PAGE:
In Our Time

Who’s a Populist?

The mood in Washington during the weeks leading up to the inauguration of Donald J. Trump combined the bloodthirsty rage of the Reign of Terror with the wild comedy of A Night at the Opera, as the New Jesus and his holy family prepared for their ascension from the Capitol Building on January 20 immediately following the swearing-in of the New Antichrist.  The judgment expressed by Andrés Manuel López Obrador following his defeat in the Mexican presidential election of 2006 perfectly conveys the mood of the Democrats, and of liberals generally, these days: “The victory of the right is morally impossible.”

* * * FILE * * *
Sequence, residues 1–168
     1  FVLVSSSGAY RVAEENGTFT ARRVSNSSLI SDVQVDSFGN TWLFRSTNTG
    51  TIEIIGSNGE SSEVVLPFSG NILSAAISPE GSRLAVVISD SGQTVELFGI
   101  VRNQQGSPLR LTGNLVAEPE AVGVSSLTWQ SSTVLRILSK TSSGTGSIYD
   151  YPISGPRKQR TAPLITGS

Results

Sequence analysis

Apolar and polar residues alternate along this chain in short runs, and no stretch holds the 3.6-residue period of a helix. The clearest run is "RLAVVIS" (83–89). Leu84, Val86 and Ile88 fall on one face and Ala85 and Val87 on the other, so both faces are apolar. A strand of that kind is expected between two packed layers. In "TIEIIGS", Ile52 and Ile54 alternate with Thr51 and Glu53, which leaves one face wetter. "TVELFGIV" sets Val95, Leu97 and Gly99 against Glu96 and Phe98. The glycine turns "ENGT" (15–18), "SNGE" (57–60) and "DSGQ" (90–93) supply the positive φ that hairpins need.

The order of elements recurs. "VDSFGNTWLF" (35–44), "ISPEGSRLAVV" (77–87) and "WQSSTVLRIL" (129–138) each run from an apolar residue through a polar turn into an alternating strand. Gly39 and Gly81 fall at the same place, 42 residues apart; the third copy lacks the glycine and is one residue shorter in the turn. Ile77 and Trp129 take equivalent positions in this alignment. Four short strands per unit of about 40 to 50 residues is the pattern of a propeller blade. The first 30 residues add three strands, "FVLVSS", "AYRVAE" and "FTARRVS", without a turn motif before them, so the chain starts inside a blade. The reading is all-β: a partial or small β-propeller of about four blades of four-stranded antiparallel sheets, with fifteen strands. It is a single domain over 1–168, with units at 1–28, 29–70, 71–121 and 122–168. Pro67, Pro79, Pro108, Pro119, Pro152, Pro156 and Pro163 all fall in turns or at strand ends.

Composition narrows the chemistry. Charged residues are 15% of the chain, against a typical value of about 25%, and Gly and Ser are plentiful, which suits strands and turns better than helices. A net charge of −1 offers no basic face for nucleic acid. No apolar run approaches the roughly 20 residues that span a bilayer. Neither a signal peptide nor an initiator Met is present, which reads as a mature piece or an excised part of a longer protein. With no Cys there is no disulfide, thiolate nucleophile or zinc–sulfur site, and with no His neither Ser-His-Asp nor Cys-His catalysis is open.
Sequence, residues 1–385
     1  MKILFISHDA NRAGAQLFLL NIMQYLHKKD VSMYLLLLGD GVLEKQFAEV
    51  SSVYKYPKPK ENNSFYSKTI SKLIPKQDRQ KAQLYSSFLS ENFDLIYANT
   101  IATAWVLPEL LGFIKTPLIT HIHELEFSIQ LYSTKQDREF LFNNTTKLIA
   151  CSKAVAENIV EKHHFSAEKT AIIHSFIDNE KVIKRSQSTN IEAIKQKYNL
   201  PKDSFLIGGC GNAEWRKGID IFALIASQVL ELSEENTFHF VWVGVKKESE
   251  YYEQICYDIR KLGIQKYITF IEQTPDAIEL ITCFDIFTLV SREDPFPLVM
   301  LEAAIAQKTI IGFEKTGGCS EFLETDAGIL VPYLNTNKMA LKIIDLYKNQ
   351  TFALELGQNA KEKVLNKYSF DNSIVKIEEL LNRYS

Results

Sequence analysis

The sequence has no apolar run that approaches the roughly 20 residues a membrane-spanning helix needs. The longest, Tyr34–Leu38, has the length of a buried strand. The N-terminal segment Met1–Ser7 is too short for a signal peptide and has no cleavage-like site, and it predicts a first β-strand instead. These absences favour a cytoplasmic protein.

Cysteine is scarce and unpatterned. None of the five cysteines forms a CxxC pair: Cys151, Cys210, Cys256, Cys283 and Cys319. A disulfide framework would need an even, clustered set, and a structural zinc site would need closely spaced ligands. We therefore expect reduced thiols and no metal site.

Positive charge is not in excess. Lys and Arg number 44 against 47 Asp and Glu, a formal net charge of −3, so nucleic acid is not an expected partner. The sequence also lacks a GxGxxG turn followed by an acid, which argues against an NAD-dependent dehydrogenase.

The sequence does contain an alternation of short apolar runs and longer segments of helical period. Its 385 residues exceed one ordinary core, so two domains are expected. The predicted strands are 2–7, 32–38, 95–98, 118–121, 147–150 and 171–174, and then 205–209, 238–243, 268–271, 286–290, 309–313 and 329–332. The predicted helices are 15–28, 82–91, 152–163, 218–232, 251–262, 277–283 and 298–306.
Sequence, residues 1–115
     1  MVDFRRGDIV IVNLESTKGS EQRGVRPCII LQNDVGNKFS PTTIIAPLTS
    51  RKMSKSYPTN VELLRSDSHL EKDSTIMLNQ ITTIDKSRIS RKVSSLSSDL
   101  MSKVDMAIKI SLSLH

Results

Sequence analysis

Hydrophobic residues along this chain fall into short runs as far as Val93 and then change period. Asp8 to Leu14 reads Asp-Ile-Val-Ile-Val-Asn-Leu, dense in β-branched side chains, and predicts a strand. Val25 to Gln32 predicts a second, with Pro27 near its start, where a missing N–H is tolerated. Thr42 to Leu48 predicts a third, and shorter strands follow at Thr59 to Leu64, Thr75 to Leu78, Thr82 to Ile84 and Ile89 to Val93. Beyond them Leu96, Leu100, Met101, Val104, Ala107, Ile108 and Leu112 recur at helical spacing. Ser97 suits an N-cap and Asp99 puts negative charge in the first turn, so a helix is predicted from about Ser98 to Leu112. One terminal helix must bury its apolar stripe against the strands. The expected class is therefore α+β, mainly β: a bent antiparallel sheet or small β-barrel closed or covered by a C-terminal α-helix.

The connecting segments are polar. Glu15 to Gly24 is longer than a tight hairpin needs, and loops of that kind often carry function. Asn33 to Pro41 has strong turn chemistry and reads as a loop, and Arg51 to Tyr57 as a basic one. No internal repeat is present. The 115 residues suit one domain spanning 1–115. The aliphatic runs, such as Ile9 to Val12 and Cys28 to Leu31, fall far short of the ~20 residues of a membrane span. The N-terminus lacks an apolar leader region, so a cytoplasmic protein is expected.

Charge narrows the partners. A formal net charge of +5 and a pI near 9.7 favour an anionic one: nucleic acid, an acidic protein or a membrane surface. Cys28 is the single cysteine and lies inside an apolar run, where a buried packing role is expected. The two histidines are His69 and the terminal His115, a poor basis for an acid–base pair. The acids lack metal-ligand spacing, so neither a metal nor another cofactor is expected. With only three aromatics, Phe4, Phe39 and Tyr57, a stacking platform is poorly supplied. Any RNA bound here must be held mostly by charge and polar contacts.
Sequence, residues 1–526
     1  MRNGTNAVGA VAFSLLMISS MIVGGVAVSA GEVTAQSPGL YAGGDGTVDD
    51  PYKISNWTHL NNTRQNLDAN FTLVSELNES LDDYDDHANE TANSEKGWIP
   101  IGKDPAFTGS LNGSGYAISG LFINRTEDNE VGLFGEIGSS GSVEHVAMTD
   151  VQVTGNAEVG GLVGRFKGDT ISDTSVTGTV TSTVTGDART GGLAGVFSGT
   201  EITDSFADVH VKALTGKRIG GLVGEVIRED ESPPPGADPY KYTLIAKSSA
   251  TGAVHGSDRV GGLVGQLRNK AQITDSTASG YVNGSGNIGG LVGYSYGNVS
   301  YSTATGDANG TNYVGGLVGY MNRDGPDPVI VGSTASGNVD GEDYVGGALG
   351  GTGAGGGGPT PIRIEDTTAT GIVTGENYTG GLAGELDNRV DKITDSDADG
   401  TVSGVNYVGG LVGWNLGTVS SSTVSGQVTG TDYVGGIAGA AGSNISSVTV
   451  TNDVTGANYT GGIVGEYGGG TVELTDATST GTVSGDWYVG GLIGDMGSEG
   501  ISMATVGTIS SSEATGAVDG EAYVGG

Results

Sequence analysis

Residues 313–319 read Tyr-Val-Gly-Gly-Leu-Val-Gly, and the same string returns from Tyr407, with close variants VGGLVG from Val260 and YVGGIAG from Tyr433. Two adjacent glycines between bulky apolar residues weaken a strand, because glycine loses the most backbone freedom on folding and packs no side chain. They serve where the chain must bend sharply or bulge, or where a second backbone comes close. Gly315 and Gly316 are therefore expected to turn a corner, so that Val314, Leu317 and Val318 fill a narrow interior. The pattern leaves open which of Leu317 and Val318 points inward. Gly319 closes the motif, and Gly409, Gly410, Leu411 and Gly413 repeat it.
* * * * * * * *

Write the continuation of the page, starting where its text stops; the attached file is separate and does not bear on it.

As damaging as the practical political loss sustained across the board by the Democratic Party last November was, the symbolic affront by the Republican candidate to what liberals call their “values,” to their idols and orthodoxies, and to themselves was perhaps more damaging still.  That is the reason for their volcanic reaction to Trump’s predictably aggressive response to the view of Rep. John Lewis, a veteran of the civil-rights demonstrations who was beaten and jailed in 1965, that Trump would be an “illegitimate” president.  Though Lewis could have offered no greater insult to a President-Elect than this one, Trump was instantly assaulted by swarms of enraged army ants for saying that Lewis would do better to look to very real problems in his own...

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